More MS news articles for July 2002

The type 1 interleukin-1 receptor is essential for the efficient activation of microglia and the induction of multiple proinflammatory mediators in response to brain injury

J Neurosci 2002 Jul 15;22(14):6071-82
Basu A, Krady JK, O'Malley M, Styren SD, DeKosky ST, Levison SW.
Department of Neuroscience and Anatomy, Pennsylvania State University College of Medicine, Hershey, Pennsylvania 17033, and Department of Neurology, University of Pittsburgh, Pittsburgh, Pennsylvania 15213.

Interleukin-1 (IL-1) is induced immediately after insults to the brain, and elevated levels of IL-1 have been strongly implicated in the neurodegeneration that accompanies stroke, Alzheimer's disease, and multiple sclerosis.

In animal models, antagonizing IL-1 has been shown to reduce cell death; however, the basis for this protection has not been elucidated.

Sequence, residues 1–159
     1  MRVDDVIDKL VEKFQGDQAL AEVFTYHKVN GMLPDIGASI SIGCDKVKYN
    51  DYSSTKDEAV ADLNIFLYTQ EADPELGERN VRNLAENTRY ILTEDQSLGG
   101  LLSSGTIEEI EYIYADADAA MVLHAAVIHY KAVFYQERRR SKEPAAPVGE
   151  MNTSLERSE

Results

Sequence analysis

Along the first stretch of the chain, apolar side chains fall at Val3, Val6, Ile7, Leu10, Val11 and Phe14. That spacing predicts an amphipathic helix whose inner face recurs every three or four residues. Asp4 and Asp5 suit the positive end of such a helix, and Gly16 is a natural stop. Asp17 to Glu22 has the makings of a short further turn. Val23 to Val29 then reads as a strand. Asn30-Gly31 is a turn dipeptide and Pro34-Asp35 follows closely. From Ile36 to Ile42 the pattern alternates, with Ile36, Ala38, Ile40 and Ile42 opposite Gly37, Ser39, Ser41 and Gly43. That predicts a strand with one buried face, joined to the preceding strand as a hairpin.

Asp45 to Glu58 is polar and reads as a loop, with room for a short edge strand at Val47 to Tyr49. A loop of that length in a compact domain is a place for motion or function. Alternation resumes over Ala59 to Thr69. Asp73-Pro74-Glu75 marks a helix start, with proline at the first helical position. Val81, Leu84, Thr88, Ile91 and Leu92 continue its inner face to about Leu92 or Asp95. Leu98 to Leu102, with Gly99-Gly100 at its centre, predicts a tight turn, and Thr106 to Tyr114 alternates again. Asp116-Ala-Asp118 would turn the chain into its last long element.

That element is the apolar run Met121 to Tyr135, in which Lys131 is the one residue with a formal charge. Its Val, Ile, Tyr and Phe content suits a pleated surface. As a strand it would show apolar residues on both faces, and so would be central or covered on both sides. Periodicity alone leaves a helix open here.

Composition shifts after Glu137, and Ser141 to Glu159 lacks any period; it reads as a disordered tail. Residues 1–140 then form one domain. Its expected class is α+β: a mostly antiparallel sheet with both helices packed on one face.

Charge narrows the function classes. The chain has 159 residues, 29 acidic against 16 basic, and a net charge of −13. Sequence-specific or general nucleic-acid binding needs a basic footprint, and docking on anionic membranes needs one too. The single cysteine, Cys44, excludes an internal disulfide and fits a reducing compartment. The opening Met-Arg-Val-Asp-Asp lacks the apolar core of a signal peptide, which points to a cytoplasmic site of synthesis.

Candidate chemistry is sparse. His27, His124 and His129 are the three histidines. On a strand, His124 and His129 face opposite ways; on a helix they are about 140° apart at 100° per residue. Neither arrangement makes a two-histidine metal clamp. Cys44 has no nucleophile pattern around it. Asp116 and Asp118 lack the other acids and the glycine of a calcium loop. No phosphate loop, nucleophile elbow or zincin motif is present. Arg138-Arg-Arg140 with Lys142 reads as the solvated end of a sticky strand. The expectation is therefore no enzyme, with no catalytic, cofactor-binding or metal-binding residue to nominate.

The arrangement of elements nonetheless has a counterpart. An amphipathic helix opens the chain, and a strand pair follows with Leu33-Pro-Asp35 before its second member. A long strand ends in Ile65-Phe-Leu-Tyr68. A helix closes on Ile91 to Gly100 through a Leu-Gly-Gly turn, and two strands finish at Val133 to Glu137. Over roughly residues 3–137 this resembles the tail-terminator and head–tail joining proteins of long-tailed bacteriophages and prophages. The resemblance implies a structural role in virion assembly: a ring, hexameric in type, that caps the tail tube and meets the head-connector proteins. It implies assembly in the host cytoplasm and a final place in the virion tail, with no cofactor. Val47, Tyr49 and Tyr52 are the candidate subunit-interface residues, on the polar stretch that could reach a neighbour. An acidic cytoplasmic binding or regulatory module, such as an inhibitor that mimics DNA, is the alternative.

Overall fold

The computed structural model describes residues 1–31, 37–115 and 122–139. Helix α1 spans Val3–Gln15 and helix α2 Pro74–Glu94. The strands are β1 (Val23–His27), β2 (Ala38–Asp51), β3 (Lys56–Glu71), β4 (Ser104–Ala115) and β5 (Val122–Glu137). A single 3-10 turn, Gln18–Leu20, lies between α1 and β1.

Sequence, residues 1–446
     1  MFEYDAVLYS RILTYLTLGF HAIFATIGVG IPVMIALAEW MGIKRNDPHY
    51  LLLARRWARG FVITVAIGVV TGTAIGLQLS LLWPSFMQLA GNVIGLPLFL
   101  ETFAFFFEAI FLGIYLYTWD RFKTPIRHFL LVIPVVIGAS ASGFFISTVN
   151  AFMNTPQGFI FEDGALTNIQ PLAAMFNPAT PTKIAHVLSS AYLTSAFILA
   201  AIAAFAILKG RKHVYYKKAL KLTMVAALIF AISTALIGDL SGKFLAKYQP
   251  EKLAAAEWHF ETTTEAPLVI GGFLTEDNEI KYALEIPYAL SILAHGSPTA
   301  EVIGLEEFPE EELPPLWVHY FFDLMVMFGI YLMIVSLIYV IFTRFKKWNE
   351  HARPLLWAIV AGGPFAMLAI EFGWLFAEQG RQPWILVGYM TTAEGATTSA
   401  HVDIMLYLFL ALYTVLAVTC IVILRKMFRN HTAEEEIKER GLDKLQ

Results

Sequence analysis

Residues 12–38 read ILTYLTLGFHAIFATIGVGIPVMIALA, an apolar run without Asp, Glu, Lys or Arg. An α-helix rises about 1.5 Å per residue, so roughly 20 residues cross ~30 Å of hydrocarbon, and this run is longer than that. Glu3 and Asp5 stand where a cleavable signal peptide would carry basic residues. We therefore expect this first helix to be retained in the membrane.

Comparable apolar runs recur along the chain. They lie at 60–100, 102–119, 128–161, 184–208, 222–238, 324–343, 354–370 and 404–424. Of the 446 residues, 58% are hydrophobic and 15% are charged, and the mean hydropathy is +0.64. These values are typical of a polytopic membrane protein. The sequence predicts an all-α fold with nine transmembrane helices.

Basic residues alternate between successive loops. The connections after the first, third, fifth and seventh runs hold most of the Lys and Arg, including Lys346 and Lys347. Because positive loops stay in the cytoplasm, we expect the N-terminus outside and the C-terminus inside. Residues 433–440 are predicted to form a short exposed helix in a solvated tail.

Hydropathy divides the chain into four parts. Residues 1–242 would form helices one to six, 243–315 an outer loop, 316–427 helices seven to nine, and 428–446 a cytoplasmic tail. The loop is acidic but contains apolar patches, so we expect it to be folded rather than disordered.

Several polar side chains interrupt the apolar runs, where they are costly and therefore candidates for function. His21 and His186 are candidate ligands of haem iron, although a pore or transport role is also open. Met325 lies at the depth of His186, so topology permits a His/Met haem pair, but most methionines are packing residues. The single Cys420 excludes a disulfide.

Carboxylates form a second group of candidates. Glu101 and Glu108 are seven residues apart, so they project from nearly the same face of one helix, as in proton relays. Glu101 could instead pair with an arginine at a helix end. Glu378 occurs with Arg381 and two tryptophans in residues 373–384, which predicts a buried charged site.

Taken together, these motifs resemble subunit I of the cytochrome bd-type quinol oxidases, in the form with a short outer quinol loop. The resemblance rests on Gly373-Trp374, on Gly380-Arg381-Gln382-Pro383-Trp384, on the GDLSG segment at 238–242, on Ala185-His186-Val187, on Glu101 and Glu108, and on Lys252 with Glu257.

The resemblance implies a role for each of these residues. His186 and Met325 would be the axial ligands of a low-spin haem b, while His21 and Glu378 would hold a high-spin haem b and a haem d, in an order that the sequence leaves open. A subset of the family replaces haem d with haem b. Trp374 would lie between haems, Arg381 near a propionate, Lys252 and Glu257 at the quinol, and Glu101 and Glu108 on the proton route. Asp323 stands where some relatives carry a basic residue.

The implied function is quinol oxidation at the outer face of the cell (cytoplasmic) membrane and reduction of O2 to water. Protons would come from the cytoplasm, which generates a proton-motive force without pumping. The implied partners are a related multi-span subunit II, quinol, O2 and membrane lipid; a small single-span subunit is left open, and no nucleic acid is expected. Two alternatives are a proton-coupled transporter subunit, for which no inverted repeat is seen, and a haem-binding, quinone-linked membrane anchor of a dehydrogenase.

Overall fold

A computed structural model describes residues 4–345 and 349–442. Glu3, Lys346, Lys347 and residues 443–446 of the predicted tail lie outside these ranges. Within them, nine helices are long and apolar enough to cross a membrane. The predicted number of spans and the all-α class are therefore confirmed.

Here we analyzed the response to penetrating brain injury in mice lacking the type 1 IL-1 receptor (IL-1R1) to determine which cellular and molecular mediators of tissue damage require IL-1 signaling.

At the cellular level, fewer amoeboid microglia/macrophages appeared adjacent to the injured brain tissue in IL-1R1 null mice, and those microglia present at early postinjury intervals retained their resting morphology.

Astrogliosis also was mildly abrogated.

At the molecular level, cyclooxygenase-2 (Cox-2) and IL-6 expression were depressed and delayed.

Interestingly, basal levels of Cox-2, IL-1, and IL-6 were significantly lower in the IL-1R1 null mice.

In addition, stimulation of vascular cell adhesion molecule-1 mRNA was depressed in the IL-1R1 null mice, and correspondingly, there was reduced diapedesis of peripheral macrophages in the IL-1R1 null brain after injury.

This observation correlated with a reduced number of Cox-2(+) amoeboid phagocytes adjacent to the injury.

In contrast, several molecular aspects of the injury response were normal, including expression of tumor necrosis factor-alpha and the production of nerve growth factor.

Because antagonizing IL-1 protects neural cells in experimental models of stroke and multiple sclerosis, our data suggest that cell preservation is achieved by abrogating microglial/macrophage activation and the subsequent self-propagating cycle of inflammation.